Top Sunni leader's assassination tests Iraqi stability

After Harith al-Obeidi was shot at a Baghdad mosque, President Jalal Talabani called for national unity 'in the face of powers that seek to provoke strife and destabilize the country.'

A leading Sunni lawmaker's assassination after delivering a Friday sermon in Baghdad has raised fears of a renewal of violence in Iraq and prompted calls to resist sectarian strife.

Police said Harith al-Obeidi, head of the biggest Sunni bloc in the Iraqi parliament, was shot at close range by what appeared to be a teenage gunman after Friday prayers. The shooting happened at the al-Shawaf mosque in the Yarmouk neighborhood of western Baghdad. At least three others were killed, and several more people wounded by gunfire and what appeared to be a grenade attack. The gunman was later shot dead by mosque guards.

Iraqi president Jalal Talabani called for national unity "in the face of powers that seek to provoke strife and destabilize the country." Prime Minister Nouri al-Malaki pledged a high-level investigation and called it a failed attempt to plant sectarian discord.

A spokesman for the Sunni party itself, though, blamed Al Qaeda in Iraq (AQI) for the assassination. AQI considers Iraqi lawmakers part of a puppet government controlled by the United States, and in the past has claimed responsibility for killing politicians as well as attacking Iraqi security forces.

Mr. Obeidi, deputy head of parliament's human rights committee, had recently become the leader of the Accordance bloc after the previous chief, Ayad al-Samarai, was elected speaker of parliament.

Mr. Maliki warned Iraqi military leaders Thursday that violence would likely increase as insurgents tried to set back security gains around the June 30 deadline for US troops to withdraw from the cities.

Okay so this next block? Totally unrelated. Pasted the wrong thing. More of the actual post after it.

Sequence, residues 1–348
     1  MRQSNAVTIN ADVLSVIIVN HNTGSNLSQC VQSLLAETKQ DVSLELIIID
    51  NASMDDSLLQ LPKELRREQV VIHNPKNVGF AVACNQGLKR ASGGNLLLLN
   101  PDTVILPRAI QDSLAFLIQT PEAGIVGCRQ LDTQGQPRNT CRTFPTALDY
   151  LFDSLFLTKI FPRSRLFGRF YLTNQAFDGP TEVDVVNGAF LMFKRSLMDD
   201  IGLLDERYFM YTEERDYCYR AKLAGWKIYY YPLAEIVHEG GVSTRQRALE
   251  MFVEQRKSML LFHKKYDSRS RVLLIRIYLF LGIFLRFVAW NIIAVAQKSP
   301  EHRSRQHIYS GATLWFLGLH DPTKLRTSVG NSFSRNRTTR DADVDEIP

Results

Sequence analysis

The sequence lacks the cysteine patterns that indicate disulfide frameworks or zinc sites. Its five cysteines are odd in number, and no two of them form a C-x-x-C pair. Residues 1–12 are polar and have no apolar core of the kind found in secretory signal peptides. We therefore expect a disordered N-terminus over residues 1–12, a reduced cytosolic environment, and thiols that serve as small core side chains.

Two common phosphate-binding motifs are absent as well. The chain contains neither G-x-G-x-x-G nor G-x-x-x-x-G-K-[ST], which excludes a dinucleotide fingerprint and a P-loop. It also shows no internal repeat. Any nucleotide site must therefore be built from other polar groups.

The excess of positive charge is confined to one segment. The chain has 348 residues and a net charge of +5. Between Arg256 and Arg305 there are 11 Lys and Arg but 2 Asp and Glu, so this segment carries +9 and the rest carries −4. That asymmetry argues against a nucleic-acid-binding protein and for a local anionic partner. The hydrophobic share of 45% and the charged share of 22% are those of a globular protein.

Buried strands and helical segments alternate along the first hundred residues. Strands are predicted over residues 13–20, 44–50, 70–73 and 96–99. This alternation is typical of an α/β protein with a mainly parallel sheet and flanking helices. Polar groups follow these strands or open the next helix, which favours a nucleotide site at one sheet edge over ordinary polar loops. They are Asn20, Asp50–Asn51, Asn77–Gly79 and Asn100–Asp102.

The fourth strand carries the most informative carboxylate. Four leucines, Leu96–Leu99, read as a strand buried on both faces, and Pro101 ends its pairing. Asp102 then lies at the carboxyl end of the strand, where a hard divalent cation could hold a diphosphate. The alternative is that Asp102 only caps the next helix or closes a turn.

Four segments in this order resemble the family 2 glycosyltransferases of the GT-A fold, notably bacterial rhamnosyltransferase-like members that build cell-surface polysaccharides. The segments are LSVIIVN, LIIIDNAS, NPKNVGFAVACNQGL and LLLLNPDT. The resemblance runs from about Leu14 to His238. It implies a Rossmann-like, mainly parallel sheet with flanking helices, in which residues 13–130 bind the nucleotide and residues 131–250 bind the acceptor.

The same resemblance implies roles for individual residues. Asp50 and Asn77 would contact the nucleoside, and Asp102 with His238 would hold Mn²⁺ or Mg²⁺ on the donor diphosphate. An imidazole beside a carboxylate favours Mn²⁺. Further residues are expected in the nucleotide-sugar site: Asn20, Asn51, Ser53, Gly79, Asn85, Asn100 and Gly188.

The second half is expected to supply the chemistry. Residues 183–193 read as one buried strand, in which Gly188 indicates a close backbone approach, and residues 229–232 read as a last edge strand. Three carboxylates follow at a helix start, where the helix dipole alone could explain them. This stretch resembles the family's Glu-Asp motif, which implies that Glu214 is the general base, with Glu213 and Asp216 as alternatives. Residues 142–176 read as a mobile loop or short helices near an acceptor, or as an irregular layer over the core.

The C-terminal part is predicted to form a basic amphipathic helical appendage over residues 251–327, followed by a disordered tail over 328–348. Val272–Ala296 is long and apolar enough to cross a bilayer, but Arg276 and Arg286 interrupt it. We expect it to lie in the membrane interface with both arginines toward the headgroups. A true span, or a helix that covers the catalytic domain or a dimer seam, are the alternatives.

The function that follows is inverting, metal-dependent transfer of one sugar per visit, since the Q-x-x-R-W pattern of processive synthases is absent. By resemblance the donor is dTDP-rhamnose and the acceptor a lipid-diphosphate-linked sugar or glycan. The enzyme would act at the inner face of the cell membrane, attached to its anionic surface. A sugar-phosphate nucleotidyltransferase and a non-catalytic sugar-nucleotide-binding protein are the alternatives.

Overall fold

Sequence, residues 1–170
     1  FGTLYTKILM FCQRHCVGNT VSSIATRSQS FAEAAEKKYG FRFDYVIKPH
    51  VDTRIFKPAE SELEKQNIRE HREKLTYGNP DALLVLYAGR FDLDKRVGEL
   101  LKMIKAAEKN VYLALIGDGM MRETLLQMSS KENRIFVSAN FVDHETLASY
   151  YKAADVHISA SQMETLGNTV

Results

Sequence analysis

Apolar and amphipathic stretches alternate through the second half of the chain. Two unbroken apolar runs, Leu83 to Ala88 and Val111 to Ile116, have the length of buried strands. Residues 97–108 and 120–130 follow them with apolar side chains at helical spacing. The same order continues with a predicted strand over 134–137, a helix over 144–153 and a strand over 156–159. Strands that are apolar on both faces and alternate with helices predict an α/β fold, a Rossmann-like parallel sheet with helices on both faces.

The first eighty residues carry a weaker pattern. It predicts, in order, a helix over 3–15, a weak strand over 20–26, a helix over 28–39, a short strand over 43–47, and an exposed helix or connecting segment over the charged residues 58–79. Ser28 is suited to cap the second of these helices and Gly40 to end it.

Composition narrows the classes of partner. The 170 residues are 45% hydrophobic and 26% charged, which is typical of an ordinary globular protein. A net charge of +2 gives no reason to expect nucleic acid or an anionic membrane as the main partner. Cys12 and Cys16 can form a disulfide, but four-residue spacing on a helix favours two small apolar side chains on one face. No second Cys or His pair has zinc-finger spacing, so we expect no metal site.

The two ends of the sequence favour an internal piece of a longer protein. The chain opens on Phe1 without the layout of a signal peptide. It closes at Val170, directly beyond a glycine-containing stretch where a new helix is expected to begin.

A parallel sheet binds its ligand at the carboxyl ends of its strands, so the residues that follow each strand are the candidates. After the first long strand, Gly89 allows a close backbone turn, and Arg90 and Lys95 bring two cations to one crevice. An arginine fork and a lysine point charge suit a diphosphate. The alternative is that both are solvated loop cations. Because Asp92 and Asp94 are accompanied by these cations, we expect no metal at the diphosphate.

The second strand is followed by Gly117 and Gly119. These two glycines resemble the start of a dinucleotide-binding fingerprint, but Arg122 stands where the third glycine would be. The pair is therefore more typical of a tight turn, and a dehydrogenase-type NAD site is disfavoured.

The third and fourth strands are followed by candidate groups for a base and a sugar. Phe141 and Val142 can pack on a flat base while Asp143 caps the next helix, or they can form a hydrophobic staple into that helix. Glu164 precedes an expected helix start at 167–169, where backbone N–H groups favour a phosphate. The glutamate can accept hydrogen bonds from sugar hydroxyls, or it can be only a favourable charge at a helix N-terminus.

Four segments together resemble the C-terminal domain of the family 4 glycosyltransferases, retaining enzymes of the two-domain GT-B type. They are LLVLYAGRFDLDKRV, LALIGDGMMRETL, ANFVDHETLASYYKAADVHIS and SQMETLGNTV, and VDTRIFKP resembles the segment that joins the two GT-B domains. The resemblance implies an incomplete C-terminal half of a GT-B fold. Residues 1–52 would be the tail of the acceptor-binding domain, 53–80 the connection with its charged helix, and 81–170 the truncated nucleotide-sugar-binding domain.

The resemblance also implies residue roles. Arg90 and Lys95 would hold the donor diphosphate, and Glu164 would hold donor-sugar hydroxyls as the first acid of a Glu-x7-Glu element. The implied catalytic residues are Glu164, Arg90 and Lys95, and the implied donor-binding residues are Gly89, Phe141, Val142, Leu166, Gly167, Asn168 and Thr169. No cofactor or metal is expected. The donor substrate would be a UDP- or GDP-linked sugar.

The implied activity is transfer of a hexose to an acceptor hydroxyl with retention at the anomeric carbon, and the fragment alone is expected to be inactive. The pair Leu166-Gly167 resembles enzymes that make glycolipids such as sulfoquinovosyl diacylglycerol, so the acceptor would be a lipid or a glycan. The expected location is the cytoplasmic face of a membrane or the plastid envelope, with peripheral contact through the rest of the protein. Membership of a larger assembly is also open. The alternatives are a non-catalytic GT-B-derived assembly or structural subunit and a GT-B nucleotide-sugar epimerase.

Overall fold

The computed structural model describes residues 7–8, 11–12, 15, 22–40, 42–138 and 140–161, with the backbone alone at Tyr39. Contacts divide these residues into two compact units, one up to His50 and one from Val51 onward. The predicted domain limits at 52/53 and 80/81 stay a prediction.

Violence has decreased dramatically from a year ago, but suicide bombings over the past week have killed dozens of people. Most of them have targeted Shiite areas, sparking concern that there could be retaliation against Sunni groups by Shiite militias that would launch another cycle of sectarian violence.

Obeidi, in his sermon, criticized the continued detention of Iraqis without charge or access to lawyers. Many of the detainees are Sunni.

The Accordance bloc, and its main group, the Iraqi Islamic Party, had split with Mr. Maliki's Shiite-led coalition, but later rejoined it. The bloc is the biggest Sunni faction in parliament. The participation of Sunni Arabs in a political process they have largely boycotted in the past is seen as crucial to Iraqi stability.

If Sunni insurgents, rather than Shiite extremists, were responsible for Obeidi's killing, it would be less likely to ignite a renewal of the sectarian violence that flared into civil war three years ago.

The attack, though, in a mosque during the Muslim holy day, is an indication of Iraq's still-fragile security and the persistent ability of insurgent groups to carry out high-profile assassinations.

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